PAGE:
- the design process itself was experimental, with government basically contracting two firms to supply half the airframe each (using 2 of the design proposals instead of one) instead of having a single main contractor that was responsible for everything
 

T. A. Gardner

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This is design by committee

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With the P-75 the initial proposal was for a fast climbing interceptor. This was then changed to long range escort. The plane was supposed to be quick to get into production by using off-the-shelf components rather than designing a whole new airplane.
 

T. A. Gardner

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I have an odd fondness for the P-75A though it seems its performance was woefully short of original specifications. Was this due to increased weight and the V-3420 not working as well as hoped? Or did it have more drag than expected?
First, the engine and supercharging system didn't deliver the expected power. One of the prototypes was fitted with an intercooling system to try and boost that but really was never fully tested. Weight and size were issues, as were aerodynamics in general. With the first prototype, cg issues occurred as these had been miscalculated. That resulted in some instability in the design that was eliminated on the rest by redesigning the tail assembly as a completely new structure and not using the A-24 assembly.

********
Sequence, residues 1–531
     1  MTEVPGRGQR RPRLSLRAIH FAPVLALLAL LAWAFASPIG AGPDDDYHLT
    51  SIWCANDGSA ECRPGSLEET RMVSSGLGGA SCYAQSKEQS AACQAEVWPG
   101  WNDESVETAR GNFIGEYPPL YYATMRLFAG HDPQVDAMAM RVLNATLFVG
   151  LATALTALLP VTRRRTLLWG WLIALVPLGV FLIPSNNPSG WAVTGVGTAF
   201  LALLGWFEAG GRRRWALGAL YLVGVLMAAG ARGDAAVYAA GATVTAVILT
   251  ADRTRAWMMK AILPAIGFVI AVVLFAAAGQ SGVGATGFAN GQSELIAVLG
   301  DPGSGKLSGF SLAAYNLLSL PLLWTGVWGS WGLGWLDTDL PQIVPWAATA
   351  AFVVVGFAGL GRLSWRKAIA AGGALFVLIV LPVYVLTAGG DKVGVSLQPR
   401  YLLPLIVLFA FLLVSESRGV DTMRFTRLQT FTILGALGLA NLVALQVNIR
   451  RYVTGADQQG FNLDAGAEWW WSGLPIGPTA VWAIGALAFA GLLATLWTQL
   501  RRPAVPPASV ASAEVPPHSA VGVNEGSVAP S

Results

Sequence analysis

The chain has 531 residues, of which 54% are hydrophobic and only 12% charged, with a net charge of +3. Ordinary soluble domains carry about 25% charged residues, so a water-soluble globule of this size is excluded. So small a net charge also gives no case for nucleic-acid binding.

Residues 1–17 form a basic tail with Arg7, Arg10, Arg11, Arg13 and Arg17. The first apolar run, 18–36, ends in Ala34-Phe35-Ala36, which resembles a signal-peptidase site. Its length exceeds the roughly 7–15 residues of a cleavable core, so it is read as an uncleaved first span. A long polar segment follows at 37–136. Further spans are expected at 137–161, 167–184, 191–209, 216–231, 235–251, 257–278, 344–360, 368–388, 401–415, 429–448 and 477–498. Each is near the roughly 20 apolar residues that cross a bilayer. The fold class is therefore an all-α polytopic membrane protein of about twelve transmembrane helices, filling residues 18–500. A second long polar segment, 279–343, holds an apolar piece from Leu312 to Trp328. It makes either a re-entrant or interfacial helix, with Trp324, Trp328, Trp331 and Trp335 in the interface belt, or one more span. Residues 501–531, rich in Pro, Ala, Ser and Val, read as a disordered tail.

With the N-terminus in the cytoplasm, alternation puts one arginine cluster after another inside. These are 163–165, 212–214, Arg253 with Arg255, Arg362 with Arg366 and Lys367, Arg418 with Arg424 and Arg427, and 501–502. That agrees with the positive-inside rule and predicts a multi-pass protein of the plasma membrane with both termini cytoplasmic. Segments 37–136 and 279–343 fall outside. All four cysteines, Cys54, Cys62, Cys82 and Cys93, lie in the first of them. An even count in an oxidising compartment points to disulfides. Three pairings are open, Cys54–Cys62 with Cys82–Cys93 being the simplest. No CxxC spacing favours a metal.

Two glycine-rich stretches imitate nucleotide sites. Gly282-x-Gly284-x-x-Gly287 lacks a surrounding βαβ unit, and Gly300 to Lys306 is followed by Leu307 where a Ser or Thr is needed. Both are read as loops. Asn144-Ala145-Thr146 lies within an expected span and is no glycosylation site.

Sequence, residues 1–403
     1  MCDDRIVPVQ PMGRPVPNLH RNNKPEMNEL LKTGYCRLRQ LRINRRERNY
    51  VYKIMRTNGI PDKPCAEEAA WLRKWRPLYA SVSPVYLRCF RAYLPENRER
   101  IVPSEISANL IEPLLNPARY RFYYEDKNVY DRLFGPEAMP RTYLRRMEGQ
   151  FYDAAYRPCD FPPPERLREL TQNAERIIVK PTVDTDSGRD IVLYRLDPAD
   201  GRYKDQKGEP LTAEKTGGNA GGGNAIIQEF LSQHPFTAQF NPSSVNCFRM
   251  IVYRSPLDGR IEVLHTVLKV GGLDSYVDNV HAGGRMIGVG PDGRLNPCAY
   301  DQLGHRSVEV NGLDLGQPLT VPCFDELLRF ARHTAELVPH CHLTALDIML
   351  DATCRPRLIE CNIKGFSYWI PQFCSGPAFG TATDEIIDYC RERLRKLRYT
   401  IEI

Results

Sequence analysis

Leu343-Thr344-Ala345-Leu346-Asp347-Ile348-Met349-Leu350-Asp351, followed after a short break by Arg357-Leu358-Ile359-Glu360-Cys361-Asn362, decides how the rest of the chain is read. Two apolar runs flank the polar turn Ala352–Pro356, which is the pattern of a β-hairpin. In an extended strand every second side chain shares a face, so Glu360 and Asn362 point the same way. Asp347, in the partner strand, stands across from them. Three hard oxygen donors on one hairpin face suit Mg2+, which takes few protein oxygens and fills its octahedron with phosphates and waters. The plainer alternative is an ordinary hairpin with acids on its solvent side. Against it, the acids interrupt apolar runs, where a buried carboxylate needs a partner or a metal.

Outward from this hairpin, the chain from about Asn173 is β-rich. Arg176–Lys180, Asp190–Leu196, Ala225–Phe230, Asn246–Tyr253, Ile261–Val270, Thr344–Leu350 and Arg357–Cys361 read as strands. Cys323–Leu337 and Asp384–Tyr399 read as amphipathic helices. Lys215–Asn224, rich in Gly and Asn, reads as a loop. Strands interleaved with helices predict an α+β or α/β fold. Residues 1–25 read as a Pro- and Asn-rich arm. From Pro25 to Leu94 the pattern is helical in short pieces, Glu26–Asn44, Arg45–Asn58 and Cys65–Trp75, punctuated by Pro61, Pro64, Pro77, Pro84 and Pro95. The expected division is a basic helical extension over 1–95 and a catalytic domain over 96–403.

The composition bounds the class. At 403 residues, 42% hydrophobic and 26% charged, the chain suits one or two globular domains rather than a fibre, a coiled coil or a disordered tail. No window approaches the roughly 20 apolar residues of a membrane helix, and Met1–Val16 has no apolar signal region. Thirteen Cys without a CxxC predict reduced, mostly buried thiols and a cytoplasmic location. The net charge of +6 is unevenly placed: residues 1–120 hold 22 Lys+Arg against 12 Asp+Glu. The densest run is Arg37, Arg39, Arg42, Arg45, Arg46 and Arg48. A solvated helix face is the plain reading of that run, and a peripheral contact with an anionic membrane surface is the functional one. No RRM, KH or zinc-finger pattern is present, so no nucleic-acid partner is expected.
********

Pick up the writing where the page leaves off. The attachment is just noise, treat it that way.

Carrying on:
steelpillow

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I will offer the Dunne D.1. This tailless swept aeroplane was designed at Farnborough by JW Dunne in the winter of 1906-7. Or at least, the airframe was. He had designed a monoplane earlier in 1906 but the Royal Engineer Committee demanded a biplane, so he modified his design accordingly. Secrecy was such that each subassembly was made in a different workshop by different craftsmen. When they were all brought together in the super-secret assembly room, the parts didn't fit and much sawing-down ensued. At this stage it was just a glider with skids for undercarriage. A wheeled power module was sketched out and a team of Royal Engineers took it to Scotland for flight trials (thus originating the nucleus of what would one day become the RFC and eventually the RAF, but that is another story). A wheeled launch trolley was rolled downhill to get it flying.
Meanwhile Dunne wanted a proper 35-50hp class engine but the authorities gave him two used Buchets delivering around 7-8 hp each and told him to get on with it. He assembled the two engines to drive a single power shaft. When they failed to start up on the test bench, others pointed out that he had connected them nose-to-nose and they were trying to turn the shaft in opposite directions.
With that sorted out, one Capt. AD Carden now put the power train and twin props together (yes, two engines to one drive shaft back to two side-by-side props!) and the power module was shipped up.
A launching track was constructed in readiness for it. The track stood waist-high off the ground, being designed in outline by Dunne and constructed by sappers under the supervision of Lieutenant Waterlow, a man who had not the least interest in flying and would presently leave to get married.
When the (unidentified) pilot started his takeoff run the plane lurched to one side, rode the track sidewall and flopped down to the ground. A fitting end to that year's committee work.